So of course, The Musicians' Association of St. Louis is planning to picket outside the scheduled area date at Family Arena this weekend. You know, because why should young musicians gain valuable experience from playing with professional musicians?  You're right, we gotta protest that s#%t!

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27Sep/102

Check out The Doobie Brothers “World Gone Crazy” launch event TONIGHT!

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As promised, here's the player link that will allow you to get in on the action for tonight's special Doobie Brothers performance, which begins at 6:30pm:

Here's some additional info regarding the schedule for tonight's event.  Enjoy!

The last time The Doobie Brothers released a studio album iTunes did not exist, and now working with AT&T, Cisco and Marriott, the World Gone Crazy album release event will utilize Virtual Meetings by Marriott with AT&T and Cisco TelePresence, the most advanced interactive video conferencing technology available in select Marriott properties worldwide. Cisco TelePresence™ is a rapidly growing and increasingly popular technology that enables groups to meet and collaborate in multiple locations worldwide in real time.  The Virtual Meetings by Marriott studios can connect to more than 100 companies and organizations via more than 1,100 telepresence sites worldwide, using the AT&T Business Exchange, AT&T’s unique, network-based, inter- and intra-company collaboration feature.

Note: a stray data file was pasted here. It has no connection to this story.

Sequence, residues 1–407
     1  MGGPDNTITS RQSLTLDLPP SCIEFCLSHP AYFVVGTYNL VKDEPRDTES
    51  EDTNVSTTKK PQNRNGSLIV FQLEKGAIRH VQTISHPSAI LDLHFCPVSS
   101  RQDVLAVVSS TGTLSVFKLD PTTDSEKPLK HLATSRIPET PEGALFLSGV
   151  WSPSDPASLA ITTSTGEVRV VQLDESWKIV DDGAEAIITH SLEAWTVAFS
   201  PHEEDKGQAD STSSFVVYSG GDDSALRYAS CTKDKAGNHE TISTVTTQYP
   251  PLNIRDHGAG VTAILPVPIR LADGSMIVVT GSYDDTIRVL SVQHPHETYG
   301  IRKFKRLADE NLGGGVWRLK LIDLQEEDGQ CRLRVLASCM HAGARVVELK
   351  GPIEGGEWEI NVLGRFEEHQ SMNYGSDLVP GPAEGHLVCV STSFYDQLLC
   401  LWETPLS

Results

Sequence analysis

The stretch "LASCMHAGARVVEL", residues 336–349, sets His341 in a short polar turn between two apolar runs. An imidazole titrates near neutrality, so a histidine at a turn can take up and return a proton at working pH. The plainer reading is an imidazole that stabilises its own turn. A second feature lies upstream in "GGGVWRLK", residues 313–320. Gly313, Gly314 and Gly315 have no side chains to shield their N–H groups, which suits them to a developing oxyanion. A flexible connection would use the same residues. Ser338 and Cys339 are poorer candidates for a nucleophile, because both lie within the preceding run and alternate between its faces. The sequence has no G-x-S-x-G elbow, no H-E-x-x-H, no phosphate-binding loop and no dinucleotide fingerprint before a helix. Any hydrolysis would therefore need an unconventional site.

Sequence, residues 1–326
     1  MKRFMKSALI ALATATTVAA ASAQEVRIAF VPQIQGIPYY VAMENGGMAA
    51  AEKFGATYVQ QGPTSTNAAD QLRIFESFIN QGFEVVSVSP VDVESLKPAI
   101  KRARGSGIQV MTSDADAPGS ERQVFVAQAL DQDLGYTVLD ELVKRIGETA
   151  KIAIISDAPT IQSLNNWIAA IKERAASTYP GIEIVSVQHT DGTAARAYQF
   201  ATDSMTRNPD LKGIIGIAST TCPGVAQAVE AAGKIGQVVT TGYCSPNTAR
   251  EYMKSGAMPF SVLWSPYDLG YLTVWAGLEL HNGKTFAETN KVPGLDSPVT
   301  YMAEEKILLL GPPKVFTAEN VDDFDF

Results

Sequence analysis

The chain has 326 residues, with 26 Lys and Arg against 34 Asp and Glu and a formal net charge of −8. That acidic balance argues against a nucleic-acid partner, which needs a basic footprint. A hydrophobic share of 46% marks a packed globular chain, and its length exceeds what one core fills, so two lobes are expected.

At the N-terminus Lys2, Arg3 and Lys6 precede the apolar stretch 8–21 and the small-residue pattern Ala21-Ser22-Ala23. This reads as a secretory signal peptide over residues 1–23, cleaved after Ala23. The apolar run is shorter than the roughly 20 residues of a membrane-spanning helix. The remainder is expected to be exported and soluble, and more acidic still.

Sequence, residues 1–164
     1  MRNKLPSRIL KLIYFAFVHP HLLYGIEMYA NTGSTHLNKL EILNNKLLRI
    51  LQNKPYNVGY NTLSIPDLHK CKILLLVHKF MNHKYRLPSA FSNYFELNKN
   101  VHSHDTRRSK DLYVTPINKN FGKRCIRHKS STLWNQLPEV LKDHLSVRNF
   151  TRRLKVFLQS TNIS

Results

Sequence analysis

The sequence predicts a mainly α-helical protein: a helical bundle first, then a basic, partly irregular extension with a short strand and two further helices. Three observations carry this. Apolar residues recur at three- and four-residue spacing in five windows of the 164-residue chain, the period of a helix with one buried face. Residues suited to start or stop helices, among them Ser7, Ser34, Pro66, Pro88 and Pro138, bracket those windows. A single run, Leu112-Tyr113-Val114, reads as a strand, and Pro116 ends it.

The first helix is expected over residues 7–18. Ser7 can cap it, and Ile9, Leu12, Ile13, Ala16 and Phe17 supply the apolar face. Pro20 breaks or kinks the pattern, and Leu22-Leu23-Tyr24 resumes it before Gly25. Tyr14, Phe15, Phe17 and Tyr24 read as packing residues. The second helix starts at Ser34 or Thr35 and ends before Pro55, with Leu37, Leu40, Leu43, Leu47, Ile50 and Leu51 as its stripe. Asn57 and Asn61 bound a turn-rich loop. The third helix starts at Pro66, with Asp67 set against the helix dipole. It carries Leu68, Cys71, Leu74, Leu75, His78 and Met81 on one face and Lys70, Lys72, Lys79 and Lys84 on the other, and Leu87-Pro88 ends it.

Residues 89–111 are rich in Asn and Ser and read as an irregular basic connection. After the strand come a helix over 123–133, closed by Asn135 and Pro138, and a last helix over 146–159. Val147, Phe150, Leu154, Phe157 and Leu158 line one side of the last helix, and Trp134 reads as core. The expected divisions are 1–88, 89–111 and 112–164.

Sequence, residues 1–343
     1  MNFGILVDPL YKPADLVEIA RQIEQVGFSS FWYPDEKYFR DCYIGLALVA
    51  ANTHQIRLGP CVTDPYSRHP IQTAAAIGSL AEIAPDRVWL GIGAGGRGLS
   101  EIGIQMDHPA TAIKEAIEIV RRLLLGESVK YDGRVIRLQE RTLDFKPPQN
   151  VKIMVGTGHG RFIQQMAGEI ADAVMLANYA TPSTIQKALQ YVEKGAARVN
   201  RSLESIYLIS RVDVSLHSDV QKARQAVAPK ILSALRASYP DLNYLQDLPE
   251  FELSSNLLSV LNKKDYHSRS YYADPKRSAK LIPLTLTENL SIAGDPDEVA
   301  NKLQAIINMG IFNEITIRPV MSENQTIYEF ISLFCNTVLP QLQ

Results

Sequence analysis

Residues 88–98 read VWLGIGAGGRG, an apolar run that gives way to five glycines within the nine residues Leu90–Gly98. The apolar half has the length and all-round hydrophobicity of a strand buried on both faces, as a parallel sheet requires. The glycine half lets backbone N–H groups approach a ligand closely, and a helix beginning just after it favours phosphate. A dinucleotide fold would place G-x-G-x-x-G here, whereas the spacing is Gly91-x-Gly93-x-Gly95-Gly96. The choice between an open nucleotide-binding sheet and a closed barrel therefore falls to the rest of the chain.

Additionally, fans attending the preview concert will be given the ability to interact, react and be a part of the action from remote locations throughout the United States.  The Doobie Brothers’ performance will be transmitted to the various locations and the fan’s actions, voice, and applause will be transmitted to the performance studio and will be seen and sensed by The Doobie Brothers.

In addition to the  public Cisco TelePresence suites and Virtual Meetings by Marriott locations, the entire concert and experience will be broadcasted over the Internet.  The Doobie Brothers will perform hits and premier new songs from World Gone Crazy in a live 90-minute concert interspersed with questions from fans across the country.  ATT, Cisco and Marriott will put the audience face-to-face with the legendary band.

HOR Presents The Doobie Brothers World Gone Crazy album release event on Monday, September 27, 2010

  • At 6:30PM Eastern Time (3:30PM Pacific) The pre-show retrospective will commence
  • At 7:00PM Eastern Time (4:00PM Pacific) The Doobie Brothers will perform songs from World Gone Crazy Live

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24Sep/100

Stream the new Doobie Brothers album “World Gone Crazy”

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As you might have heard, I'm pretty excited about World Gone Crazy, the new album from The Doobie Brothers that will finally be in stores on Tuesday.  Thanks to the fine folks at Yahoo Music/Early Edition, you can stream the entire album right now.

And in even better news, the Doobie Bros will launch the album with a special 90 minute interactive performance on Monday night at 6:30pm EST sponsored by Cisco.  The event sounds pretty cool!